Every mother’s son

As Near As I Can Tell



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’m going to let the ladies in on a little secret. Dudes don’t act the same way around you as they do around other dudes, especially if those other dudes are their brothers. Brothers are brutal. I know because I have two of them. As the one in the middle, I got to learn from the older and wreak havoc on the younger.

Looking back, I kinda feel sorry for my older brother because he had to figure everything out for himself. There was no one to show him that it was big fun to pick the seed head off a grass burr plant and sling it at little brother’s shirtless back on a hot summer’s day. He didn’t know that he was supposed to inflict bodily harm upon little brother after burrs hit bare skin and “I’m going to tell mom” were the first words formed after a scream. When he finally figured that out, it only took one beating to impart the message that “telling mom” was a bad idea.

My brother was around 10 years old when he finally got some tutoring on how to treat his little brother. I was 6 when our 13-year-old cousin came over to “play” one day. The three of us went out in the yard to throw a football around. “Let’s play a game,” cousin said. He handed me the football and said, “OK, you’re on offense, and we’re on defense.” I about peed my pants as I said, “hut” for the 50th time before finally saying “hike” and getting creamed by the two older boys. That’s how you learn.

That’s how I learned, anyway. And unfortunately for MY little brother, I felt like it was some kind of sacred rite of passage that I needed to bestow upon him as well. I’m not proud of a lot of the things I bestowed, or inflicted, upon little bro, but he is way out of line when he accuses me of holding him by his feet and placing his head in water of the toilet bowl as I flushed. This is commonly known in brotherly lore as a “swirlie,” but believe you me—I made sure his hair never actually touched the water.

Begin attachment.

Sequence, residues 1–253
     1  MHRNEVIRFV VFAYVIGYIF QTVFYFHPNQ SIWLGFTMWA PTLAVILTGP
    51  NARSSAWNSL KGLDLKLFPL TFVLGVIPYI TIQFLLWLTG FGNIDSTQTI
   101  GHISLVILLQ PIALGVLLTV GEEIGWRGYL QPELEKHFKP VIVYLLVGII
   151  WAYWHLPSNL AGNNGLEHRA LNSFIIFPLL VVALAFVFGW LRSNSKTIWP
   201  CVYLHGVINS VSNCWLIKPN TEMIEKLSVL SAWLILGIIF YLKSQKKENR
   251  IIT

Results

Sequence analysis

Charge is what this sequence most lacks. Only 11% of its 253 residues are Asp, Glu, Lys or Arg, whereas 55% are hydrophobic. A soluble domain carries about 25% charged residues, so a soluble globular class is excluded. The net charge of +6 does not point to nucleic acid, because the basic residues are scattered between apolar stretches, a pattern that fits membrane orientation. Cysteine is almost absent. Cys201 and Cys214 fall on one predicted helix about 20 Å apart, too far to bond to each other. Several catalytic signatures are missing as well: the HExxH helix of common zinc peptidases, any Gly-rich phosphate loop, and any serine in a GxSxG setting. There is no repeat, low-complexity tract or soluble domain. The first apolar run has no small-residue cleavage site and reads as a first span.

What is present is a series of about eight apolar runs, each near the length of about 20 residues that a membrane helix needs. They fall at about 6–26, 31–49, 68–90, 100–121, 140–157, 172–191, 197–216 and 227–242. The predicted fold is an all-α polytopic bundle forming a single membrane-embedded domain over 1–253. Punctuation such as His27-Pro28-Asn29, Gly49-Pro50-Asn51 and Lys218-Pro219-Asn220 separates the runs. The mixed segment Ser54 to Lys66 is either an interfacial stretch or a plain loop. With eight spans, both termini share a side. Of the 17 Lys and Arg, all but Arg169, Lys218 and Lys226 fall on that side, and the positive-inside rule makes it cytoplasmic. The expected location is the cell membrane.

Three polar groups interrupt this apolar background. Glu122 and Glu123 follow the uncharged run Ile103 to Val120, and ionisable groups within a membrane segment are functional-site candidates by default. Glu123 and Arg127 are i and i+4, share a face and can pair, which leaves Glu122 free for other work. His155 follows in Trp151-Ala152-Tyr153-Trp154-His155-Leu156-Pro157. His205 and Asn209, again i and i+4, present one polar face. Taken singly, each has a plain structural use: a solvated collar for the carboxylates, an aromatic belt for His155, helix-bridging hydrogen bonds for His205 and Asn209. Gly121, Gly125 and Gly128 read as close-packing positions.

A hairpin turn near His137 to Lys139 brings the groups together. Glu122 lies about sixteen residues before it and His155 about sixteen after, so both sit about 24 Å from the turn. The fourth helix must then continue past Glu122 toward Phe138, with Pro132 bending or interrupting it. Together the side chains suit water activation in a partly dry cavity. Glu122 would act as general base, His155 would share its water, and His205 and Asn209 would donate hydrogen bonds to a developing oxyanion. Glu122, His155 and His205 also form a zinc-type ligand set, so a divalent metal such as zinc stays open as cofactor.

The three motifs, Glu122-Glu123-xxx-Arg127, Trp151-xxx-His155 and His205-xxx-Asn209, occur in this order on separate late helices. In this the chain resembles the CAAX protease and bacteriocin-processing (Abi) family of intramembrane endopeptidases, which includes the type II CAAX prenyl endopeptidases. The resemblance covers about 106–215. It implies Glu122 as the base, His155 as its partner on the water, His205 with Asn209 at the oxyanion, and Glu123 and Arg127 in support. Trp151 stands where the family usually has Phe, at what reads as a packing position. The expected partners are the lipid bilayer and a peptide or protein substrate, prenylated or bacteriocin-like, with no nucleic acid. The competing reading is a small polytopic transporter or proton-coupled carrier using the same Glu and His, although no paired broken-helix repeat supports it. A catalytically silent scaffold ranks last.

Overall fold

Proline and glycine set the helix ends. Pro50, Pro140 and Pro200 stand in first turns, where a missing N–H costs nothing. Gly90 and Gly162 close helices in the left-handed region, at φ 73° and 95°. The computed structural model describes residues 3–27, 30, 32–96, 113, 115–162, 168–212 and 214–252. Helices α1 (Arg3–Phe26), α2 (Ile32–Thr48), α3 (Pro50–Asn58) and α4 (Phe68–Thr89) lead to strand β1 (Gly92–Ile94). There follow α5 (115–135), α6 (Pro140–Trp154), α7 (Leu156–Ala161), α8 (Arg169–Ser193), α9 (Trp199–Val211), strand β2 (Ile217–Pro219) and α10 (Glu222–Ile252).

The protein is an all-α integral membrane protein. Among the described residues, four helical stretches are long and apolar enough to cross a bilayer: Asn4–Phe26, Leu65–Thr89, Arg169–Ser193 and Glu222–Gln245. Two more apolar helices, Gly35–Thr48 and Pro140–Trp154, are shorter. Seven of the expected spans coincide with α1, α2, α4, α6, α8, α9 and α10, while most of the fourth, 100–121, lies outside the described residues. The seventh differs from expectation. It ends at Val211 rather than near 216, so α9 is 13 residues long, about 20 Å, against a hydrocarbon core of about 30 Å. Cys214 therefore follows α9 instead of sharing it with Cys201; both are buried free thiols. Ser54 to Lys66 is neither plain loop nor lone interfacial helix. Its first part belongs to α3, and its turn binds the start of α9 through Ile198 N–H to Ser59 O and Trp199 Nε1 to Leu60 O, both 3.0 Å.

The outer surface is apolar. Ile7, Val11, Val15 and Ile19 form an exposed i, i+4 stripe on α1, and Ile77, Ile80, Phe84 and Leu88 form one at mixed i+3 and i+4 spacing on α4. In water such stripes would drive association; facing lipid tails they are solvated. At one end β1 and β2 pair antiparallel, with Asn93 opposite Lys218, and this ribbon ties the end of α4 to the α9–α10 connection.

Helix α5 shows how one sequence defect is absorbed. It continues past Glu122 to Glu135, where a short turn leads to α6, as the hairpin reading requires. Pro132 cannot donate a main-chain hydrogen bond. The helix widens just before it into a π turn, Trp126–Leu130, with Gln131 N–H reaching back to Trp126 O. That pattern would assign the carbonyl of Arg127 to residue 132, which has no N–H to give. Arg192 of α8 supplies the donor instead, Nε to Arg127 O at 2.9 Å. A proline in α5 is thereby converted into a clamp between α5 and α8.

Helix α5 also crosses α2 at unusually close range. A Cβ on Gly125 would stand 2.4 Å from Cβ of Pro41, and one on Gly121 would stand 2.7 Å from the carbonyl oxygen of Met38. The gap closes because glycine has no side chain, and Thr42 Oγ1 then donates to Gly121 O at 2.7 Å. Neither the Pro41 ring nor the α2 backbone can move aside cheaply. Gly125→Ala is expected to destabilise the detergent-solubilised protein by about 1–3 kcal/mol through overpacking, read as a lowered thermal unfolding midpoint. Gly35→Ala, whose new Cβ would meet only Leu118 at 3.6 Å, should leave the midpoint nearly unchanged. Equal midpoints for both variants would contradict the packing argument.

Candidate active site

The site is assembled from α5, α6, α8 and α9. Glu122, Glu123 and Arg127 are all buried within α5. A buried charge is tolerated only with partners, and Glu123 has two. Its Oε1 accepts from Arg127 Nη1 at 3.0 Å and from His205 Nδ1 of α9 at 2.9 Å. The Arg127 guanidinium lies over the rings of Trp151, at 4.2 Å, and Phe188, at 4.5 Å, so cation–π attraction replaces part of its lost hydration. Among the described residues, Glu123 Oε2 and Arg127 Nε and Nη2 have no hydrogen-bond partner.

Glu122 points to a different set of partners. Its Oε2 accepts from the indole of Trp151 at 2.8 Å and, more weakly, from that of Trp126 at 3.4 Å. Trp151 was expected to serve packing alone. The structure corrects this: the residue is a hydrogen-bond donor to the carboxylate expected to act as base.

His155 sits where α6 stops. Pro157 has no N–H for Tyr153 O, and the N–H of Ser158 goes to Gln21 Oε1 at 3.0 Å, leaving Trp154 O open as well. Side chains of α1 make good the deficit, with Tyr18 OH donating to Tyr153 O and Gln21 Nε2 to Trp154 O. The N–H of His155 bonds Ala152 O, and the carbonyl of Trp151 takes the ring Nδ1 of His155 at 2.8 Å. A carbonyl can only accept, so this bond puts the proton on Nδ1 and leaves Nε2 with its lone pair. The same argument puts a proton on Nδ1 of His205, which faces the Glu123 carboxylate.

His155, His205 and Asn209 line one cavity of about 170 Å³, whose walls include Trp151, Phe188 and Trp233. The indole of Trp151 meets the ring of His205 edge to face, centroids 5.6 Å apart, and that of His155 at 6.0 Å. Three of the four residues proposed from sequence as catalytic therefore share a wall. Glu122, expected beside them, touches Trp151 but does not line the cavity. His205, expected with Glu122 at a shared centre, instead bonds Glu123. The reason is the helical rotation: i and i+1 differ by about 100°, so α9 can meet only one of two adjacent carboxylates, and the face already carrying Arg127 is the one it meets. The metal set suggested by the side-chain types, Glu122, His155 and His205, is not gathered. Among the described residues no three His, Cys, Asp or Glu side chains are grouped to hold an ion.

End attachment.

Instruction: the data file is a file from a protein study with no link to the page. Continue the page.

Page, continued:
My mom never knew what to believe, but she did the best she could. All moms do. I’d like to take a moment to reassure all the moms out there that your admonitions of “be careful—you could shoot an eye out” towards your sons as they headed outside with Red Ryder BB guns, did not fall on deaf ears. We were well aware of the danger posed by air compressed flying metal orbs to our eyesight, so strict rules of engagement on shot placement were established to avoid eye injury. Shooting each other above the waist was a big no-no.

But just because one abided by the rules didn’t mean that consequences were eliminated. For no apparent reason, other than the opportunity presented itself, big brother took a BB to the knee from the end of my trusty Red Ryder. I thought it was hilarious until he caught me. My laughter stopped as soon as the beating started.

My older brother’s ability to overpower me upset me a great deal. I was always looking for ways to “even the score.” He hated pickles, so much so that if I poked a hole in one and tried to squirt him with it, he’d run away and lock himself in the bathroom. When a pickle wouldn’t work, I’d utilize whatever was within reach. I took after him with a short piece of chain once, but mom stopped me before anyone got hurt.

Then there was the time big bro teased me one too many times as I stood within arm’s reach of a good-sized throwing stick. I saw fear in his eyes as I picked it up. He made a smart decision— he ran. I can still see it in my mind’s eye: my brother running …. the stick releasing from my hand … the slow motion, end-over-end turning of the stick… the stick ultimately finding purchase between his shoulder blades. My brother hit the ground as if he’d been shot, and boy was he pissed when he got up. It was my turn to make a smart decision—I ran.

Although my brothers and I fought, and teased, and treated each other like crap, it was always understood that it was “OK for me but not for thee.” Whether it was a basketball game, BB gun fight, chess, tiddlywinks, or whatever, we were cool with pushing each other’s buttons, testing each other’s limits and sometimes beating each other up. However, we were, and have always been, staunchly protective of each other and most assuredly NOT cool with anyone else treating any of us badly. I don’t know if it’s that way for every mother’s son, but that’s the way it is for me.

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